Former President Donald Trump speaks on a variety of topics to supporters at a Turning Point Action gathering, Saturday, July 24, 2021, in Phoenix. (AP Photo/Ross D. Franklin)
PHOENIX (AP) — In mid-May, partisan investigators hired by Arizona state lawmakers backed off their allegation that the state’s most populous county had destroyed its 2020 election database. Confronted with proof that the data still existed, they admitted everything was there.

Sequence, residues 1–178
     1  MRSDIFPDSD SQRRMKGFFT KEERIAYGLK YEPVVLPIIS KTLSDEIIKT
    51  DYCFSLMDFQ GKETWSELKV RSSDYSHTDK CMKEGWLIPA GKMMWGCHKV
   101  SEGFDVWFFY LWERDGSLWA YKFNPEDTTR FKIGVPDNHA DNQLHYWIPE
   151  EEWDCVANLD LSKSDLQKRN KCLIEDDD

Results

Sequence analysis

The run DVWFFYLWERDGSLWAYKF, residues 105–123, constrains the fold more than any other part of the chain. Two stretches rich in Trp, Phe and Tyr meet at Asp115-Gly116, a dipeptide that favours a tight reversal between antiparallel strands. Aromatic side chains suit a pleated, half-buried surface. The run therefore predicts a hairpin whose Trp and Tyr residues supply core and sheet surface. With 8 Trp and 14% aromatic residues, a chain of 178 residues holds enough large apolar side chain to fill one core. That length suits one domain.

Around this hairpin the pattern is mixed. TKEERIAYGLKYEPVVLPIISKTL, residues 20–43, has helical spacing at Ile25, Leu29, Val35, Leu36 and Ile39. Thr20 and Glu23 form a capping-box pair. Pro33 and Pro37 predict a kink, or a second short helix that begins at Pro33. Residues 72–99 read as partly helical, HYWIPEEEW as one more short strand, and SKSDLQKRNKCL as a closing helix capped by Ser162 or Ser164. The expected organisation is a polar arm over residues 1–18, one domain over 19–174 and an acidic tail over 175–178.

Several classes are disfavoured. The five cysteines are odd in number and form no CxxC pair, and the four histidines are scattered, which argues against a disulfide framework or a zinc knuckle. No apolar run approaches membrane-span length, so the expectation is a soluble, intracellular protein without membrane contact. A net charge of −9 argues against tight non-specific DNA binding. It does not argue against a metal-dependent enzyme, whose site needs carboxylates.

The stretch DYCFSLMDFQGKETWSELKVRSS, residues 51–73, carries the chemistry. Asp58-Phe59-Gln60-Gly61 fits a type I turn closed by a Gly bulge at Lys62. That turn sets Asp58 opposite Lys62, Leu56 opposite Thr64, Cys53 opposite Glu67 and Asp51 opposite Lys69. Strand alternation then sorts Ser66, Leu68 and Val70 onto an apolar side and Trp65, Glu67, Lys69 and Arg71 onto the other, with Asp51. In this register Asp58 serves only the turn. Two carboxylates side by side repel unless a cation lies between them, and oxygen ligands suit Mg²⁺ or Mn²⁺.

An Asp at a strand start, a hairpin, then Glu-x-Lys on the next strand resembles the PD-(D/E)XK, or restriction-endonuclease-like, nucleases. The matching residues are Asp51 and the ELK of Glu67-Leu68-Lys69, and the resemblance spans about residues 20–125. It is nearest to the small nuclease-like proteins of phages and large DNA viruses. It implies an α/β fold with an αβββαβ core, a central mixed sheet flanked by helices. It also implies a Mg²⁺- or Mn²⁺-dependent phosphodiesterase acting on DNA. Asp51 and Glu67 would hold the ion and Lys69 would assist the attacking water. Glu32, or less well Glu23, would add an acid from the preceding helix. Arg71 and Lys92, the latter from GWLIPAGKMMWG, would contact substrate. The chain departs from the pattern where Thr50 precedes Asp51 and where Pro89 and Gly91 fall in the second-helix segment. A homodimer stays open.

Two months later, the tale lives on. At an event Saturday, former President Donald Trump presented the debunked allegation as a key piece of evidence that the state’s electoral votes were stolen
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